The CFA and CEJ have concluded that some of the largest insurers have fallen short of fairness in the auto insurance rebates they’ve issued in the United States. Both consumer groups calculated that insurers will return more than $7 billion in premiums to their policyholders. This money will be returned in the form of refunds and credits issued to customers throughout May.
That said, even with the widespread refunds, the CFA and CEJ stated that car insurers are still not giving enough back. When taking into account the reduced driving and shrinking rate and severity of claims, the consumer groups both concluded that the money owed to policyholders is much higher than what is being returned.
Most auto insurance rebates equated to reducing two months of premiums by 15 percent.
Still, according to the CFA and CEJ calculations, insurers should be refunding customers an amount closer to the 10 percent to 35 percent range of two months’ worth of premiums.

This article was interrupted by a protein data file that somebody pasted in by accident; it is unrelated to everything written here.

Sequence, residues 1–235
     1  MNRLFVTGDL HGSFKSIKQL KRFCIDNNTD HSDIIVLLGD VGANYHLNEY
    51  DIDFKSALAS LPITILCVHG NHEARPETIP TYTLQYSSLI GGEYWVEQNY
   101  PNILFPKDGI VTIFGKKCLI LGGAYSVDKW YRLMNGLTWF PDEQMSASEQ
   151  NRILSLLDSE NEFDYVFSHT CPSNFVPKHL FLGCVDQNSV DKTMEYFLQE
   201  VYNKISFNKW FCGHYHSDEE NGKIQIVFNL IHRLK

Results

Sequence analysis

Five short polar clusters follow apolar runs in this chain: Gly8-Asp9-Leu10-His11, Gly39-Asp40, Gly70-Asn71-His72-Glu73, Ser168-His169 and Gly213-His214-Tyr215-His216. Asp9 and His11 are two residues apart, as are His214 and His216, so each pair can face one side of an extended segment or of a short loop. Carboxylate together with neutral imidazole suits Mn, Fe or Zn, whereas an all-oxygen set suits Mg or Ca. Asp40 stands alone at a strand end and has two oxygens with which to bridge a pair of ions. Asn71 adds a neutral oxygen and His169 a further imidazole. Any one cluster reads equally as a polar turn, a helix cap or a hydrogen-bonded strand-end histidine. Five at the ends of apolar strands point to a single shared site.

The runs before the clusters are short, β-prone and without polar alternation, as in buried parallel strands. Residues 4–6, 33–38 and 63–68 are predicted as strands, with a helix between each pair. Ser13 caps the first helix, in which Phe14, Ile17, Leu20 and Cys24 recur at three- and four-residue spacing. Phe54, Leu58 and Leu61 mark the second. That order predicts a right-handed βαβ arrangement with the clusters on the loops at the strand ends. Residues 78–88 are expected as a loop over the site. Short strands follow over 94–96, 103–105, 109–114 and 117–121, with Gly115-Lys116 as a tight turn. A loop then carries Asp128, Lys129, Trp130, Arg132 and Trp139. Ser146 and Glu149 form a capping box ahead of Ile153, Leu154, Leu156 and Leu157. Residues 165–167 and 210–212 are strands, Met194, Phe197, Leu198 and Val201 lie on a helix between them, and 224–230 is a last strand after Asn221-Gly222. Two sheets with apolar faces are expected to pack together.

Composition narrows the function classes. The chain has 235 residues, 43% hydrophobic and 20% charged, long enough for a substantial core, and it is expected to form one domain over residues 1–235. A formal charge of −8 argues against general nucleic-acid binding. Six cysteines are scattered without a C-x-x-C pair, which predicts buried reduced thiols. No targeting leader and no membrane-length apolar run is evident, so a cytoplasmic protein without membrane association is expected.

According to data cited by the CFA, vehicle accidents have been reduced by half or more. A Reuters report on the subject included a request for comment from GEICO, which was one of the insurers the CFA and CEJ rated with the lowest score, a D-.
Near the start of April, GEICO announced it was issuing about $2.5 billion in credits to its 19 million vehicle policyholders from April 8 through October 7. “We were concerned that a credit for two or three months might just expose our customers to large catch-up payments once events returned to normal,” said a GEICO rep quoted in the Reuters report, addressing the criticism of the company’s auto insurance rebates. “We acted swiftly to implement a credit across the entire policy term so our customers would see relief for an entire six months.”
April 29, 2020 Consumer Groups Conclude Auto Insurance Rebates Are Not Enough